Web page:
For kids in Kinston in the late 1960s, it was the neighborhood equivalent of buying a lottery ticket.
Take your bike to the Kilpatrick Country Store. Drink a soda and suck on a Mary Jane candy. Then go next door to the junkyard and spin the dial on the 6-foot-tall safe.
"Pretty much every kid in the neighborhood tried to turn that dial," Jeff Foyles recalls. "You'd say, 'I'm going to be the lucky kid today,' just joking around."
As an adult, Foyles finally got a chance to open the 140-year-old safe. Inside, he found a trove of historic documents related to the Dorothea Dix state hospital, slated to close by 2008.
The safe belonged to Albert Kilpatrick, owner of the country store and the junkyard. He liked to submit sealed bids to state auctions on old farm equipment and resell it around Kinston.
In 1967, the safe caught his eye. It's about the size of a double-wide refrigerator and is heavier than a car. Lettering on the front indicates it was owned by the hospital. Kilpatrick bid $112 for it.
Trouble was, no one knew the combination. At one point, Kilpatrick hired a safecracker who drilled a few holes in the 8-inch-thick steel doors, to no avail. So, the safe sat in the junkyard, year after year.
When Kilpatrick died in the mid-1980s, his family began selling off things. Foyles, who worked at the West Pharmaceutical Services plant, decided it would make a good safe for two shotguns and a rifle that belonged to his grandfather.
Foyles bought it -- he won't say exactly how much he paid -- and brought it a mile or so down N.C. 55 to his house with a Depression-era forklift that belongs to his brother, Nelson.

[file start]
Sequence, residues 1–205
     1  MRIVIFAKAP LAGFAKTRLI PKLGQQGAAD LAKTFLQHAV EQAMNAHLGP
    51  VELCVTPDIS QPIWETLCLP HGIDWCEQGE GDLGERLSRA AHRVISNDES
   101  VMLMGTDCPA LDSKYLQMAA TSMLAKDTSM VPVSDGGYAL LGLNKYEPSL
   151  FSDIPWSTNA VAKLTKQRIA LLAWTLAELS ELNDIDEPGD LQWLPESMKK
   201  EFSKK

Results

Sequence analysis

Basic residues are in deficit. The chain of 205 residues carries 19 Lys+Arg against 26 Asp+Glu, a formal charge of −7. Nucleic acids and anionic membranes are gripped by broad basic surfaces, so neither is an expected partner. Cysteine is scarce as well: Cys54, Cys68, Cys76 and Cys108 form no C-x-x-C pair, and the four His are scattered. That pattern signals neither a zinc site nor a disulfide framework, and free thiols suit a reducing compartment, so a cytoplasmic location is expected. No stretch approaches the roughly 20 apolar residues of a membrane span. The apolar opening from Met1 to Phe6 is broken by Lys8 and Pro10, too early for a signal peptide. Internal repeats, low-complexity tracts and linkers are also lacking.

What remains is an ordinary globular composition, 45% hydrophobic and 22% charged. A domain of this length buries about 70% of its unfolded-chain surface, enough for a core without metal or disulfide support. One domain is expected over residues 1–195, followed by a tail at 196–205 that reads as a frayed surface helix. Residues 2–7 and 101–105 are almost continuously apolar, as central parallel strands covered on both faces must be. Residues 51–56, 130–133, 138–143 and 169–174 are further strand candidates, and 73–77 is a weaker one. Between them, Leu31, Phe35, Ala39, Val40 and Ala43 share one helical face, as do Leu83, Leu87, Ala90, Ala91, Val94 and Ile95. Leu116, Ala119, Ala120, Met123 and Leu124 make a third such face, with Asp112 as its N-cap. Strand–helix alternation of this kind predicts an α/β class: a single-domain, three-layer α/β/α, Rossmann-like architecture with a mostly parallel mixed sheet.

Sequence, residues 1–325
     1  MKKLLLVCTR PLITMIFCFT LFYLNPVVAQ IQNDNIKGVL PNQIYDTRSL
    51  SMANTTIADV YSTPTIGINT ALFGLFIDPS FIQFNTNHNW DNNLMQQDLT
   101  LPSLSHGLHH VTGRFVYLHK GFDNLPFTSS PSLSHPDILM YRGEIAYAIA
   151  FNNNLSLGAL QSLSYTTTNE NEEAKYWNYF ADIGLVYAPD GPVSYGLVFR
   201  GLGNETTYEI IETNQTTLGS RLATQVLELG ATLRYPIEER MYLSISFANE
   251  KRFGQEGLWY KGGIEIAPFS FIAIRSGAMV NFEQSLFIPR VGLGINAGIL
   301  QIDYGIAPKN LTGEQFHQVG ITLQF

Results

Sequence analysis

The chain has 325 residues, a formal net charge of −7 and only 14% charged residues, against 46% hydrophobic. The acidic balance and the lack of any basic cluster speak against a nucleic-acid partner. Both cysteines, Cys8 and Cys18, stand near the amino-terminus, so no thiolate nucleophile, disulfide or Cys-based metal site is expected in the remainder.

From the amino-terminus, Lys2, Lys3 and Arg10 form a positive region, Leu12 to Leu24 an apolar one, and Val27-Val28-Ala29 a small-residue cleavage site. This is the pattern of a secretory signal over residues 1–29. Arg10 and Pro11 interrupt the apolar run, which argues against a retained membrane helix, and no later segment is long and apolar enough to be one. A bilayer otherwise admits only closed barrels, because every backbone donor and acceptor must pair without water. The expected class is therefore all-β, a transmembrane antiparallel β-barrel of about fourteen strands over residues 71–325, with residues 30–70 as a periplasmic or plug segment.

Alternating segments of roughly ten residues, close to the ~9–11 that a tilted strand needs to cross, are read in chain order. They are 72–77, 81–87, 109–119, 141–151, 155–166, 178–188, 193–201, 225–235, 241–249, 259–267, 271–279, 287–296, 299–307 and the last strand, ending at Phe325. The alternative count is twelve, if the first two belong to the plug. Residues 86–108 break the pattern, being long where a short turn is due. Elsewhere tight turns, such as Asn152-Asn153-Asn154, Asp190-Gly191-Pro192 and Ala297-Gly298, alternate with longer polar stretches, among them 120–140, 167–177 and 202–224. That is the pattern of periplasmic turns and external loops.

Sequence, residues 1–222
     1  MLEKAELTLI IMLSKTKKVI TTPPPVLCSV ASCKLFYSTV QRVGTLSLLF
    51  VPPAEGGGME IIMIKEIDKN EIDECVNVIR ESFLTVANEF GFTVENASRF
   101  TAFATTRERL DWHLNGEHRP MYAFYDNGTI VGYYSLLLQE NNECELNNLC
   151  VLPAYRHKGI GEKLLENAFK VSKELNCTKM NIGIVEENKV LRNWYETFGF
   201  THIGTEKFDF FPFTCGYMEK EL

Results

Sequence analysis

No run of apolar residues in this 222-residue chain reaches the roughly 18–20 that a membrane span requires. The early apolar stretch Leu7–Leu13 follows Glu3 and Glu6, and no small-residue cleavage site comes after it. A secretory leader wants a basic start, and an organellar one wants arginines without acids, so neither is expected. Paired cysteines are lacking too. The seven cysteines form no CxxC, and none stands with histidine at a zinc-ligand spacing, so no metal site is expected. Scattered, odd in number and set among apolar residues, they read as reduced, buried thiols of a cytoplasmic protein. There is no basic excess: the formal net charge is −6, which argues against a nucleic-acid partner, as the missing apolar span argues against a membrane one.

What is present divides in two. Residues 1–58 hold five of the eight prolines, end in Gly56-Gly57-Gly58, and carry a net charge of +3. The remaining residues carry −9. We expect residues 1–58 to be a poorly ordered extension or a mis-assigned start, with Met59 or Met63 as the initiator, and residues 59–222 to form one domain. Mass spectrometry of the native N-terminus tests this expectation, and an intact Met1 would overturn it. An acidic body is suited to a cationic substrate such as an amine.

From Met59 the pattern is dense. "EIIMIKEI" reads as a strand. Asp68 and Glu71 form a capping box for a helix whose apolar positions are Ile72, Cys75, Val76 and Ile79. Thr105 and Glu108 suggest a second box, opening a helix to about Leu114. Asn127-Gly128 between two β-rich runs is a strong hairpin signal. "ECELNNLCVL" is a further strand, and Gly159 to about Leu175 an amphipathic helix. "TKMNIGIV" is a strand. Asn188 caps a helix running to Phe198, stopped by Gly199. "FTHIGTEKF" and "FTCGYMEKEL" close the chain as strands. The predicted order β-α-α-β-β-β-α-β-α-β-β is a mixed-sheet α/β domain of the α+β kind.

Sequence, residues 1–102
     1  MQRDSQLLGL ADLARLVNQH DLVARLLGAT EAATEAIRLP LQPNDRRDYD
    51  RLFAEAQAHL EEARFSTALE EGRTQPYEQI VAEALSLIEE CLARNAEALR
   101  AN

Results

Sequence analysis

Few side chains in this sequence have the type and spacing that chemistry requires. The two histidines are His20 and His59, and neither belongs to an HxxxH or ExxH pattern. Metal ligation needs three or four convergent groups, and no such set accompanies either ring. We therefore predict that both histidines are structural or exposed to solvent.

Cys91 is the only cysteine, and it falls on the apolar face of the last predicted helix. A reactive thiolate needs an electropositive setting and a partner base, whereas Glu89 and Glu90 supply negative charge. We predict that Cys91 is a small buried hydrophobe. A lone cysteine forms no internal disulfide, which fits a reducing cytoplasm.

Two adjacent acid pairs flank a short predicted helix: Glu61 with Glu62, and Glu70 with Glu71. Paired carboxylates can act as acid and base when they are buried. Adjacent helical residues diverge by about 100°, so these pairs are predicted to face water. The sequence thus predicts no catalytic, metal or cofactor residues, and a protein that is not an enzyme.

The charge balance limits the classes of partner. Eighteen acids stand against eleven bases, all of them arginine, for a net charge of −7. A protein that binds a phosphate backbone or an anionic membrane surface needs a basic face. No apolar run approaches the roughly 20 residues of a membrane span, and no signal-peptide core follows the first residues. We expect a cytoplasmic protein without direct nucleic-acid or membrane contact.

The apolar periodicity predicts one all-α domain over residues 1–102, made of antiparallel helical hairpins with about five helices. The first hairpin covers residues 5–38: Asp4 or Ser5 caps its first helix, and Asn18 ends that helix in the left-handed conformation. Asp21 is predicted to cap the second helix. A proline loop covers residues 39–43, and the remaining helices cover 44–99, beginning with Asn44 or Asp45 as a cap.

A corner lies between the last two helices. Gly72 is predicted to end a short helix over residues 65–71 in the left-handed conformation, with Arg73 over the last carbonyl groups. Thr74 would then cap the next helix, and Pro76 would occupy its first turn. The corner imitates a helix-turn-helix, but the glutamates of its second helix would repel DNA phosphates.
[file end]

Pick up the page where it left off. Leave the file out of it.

A few weeks later, Foyles found a safecracker who thought he could get it open. While Foyles and his brother drank bottles of Budweiser, the safecracker spun the dial, listened with a headset and consulted old manuals. About a half-hour later, he hit the front twice with a rubber mallet, and the door swung open.
"There was a bad smell inside that thing," Foyles recalls. "It was musty, like opening an old trunk, but three times as bad."
Inside: not much. Two old eyeglass cases and a bunch of cubbyholes set up like mail slots. Foyles shrugged. He hadn't thought there would be anything valuable in there.
But looking at it later, something about those cubbyholes didn't seem right. He got off his stool and wiggled them loose. Behind them were two small boxes filled with historical documents.
They included an official 1907 copy of the deed to Dix Hill and a related map, letters to and from hospital officials, uncashed checks from relatives of patients, even a prescription for a pint of whiskey for a patient.
Foyles filed them away and mostly forgot about them until a few months ago, when he heard a radio report about the planned closing of the hospital.
State archivist Dick Lankford says he does not know how the documents ended up in private hands. He says the deed and map copies are not valuable, but the letters and other documents could still be public records.
"We'd have to see the contents of the safe to know," he says.
That may not happen soon.
If they are still public records, Lankford says the state would begin the legal process to reclaim them. If they're not, the archives office would not be interested, he says.
Foyles says he'd like the documents to end up in a museum or the archives, but only for a fair price. He doesn't want to just hand them over for nothing.
After all, he spun the dial.
"It's just like someone buying a lottery ticket," he said.
Staff writer Ryan Teague Beckwith can be reached at 836-4944 or firstname.lastname@example.org.